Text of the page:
Throughout the carving process, Tait requires the apprentices to make their own tools, design their regalia and practice traditional drumming, songs and dances. He teaches the young carvers that carving a pole requires more than time and labour, more than a firm understanding of the tools and techniques and more than artistic and emotional commitment. The process involves respecting and following tradition and becoming involved in their cultural background.
Published in 2003
Ten masterful, complex drawings by Bill reid are accompanied by ten episodes from Haida mythology told by Bill Reid and Robert Bringhurst. The result brings Haida art and mythology alive as never before.
Published in 1996
George MacDonald, Director of the Canadian Museum of Civilization in Ottawa, combines ethnohistory, archaeology and stunning photodocumentation to explain the physical and cultural structure of a Haida village. He shows how architecture and totem poles are an integral part of the social and religious aspects of Haida culture.
Published in 1994 by Douglas & MacIntyre
Coast Salish oral traditions, history and artistry from prehistory to the present is captured in this visually stunning book.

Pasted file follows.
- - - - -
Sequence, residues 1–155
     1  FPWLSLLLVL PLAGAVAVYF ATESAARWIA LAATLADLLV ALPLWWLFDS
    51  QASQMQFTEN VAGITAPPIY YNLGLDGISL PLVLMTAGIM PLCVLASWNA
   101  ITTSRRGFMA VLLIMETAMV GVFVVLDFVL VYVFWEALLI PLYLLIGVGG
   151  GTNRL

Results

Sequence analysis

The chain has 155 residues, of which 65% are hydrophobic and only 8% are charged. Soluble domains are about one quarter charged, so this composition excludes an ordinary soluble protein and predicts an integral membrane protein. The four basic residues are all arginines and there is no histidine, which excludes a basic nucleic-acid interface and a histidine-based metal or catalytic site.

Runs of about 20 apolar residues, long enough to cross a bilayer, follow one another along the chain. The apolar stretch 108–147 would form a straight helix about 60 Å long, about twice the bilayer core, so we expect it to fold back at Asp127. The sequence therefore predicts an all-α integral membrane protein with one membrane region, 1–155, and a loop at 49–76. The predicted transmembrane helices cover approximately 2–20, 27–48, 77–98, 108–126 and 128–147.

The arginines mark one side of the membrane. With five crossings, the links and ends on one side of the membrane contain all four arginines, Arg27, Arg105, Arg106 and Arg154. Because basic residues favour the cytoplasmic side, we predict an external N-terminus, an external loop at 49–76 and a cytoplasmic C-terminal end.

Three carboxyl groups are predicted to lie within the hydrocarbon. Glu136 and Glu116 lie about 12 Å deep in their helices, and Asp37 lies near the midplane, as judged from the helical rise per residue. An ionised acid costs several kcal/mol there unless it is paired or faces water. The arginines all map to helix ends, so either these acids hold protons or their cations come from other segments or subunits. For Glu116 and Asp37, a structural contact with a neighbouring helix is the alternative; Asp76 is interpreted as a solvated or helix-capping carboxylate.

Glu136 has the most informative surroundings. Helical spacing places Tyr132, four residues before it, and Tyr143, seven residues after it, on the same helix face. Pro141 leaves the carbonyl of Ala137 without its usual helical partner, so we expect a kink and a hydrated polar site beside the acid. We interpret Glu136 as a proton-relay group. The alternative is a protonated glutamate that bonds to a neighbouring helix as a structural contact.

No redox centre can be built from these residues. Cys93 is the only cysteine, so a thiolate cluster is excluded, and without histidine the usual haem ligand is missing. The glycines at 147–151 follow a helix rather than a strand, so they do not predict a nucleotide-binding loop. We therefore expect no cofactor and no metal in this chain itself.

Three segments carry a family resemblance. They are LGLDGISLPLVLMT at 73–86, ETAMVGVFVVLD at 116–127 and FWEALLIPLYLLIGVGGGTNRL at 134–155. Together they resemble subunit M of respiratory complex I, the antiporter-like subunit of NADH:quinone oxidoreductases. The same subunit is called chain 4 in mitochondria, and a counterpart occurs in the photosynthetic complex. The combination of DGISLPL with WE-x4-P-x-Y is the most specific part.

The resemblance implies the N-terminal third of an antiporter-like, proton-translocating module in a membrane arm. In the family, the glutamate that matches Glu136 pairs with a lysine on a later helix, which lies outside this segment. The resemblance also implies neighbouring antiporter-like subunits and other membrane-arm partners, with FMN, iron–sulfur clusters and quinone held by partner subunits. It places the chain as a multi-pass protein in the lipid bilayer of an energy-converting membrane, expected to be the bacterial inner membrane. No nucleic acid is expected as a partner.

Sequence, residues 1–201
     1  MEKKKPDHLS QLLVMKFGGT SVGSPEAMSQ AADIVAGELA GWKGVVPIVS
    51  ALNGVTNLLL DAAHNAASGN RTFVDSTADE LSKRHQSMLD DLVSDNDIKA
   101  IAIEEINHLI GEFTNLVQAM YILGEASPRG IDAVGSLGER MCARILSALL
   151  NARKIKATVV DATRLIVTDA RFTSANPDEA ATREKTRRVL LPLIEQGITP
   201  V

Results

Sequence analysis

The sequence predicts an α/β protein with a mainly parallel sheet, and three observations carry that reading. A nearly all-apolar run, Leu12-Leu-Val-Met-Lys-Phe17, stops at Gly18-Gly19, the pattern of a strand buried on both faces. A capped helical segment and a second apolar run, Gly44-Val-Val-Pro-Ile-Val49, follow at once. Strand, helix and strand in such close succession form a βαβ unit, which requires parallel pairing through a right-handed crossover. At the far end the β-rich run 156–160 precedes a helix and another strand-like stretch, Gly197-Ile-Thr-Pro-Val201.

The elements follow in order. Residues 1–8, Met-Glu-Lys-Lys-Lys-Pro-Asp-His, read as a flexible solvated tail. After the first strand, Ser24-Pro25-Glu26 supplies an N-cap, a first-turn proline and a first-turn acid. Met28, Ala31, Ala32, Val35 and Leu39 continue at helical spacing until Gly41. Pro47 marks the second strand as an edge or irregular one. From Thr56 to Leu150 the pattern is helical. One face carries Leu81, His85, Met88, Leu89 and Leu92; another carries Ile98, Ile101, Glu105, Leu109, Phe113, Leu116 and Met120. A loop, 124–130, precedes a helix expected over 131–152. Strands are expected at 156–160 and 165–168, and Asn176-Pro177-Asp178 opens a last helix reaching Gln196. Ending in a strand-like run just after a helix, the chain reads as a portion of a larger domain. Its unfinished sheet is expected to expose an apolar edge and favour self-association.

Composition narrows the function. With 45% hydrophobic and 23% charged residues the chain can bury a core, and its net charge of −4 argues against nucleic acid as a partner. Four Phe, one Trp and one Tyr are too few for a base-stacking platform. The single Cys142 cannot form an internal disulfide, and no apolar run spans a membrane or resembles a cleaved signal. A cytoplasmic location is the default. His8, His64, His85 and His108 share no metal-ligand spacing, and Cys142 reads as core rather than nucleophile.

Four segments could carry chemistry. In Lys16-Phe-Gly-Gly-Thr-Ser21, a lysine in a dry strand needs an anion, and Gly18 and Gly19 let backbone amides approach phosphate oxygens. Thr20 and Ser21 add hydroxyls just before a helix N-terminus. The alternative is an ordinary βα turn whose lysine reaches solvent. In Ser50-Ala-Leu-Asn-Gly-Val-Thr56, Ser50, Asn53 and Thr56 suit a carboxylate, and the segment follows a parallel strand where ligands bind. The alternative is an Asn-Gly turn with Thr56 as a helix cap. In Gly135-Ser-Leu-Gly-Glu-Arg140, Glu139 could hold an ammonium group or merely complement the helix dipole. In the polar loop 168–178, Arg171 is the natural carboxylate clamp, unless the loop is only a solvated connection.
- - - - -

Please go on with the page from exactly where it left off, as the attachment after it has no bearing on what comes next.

A principal at the heart of Salish culture is a reciprocal exchange of physical, spiritual and intangible gifts, including songs, spirit powers, titles, names, food, natural resources and artistic creations. The term for “gifts” in Lushootseed, a Coast Salish dialect, is S’abadeb and this book illuminates the concept by exploring the intersection of art with ceremony, oral traditions, the land, and contemporary realities.
Published in 2008
Aldona Jonaitis is the Director of the University of Alaska Museum of the North, and Professor of Anthropology at the University of Alaska Fairbanks.
An extensive overview of the First Nations art of the Northwest Coast with detailed illustrations and up-to-date maps. This single volume book covers the development of styles by region as well as the art’s meanings in the context of the region’s social history.
Published in 2006
A collection of 36 Tsimshian masterpieces from northern British Columbia, collected over 140 years ago.
Edited by Donald Ellis, with essays by Steven Clay Brown, Bill Holm, Alan L. Hoover, Sarah Milroy, and William White.
Tsimshian Treasures is an extraordinary collection of masterpieces from the Dundas collection that were acquired by Reverend Robert J. Dundas in October 1963 from Natives at Old Metlakatla. The images and essays in this book honour a remarkable moment in Canadian cultural history and the triumphant return of these masterworks of Northwest Coast art after more than a century in exile.
Published in 2007
This beautiful book marks the exciting emergence of Susan A. Point as a major artist on the Northwest Coast. Point’s striking and distinctive art in the Coast Salish tradition – from jewellery in precious metals to prints, paintings and monumental pieces in wood and glass – has won worldwide acclaim. Featuring 62 full-colour and 21 black and white images.
Published in 2000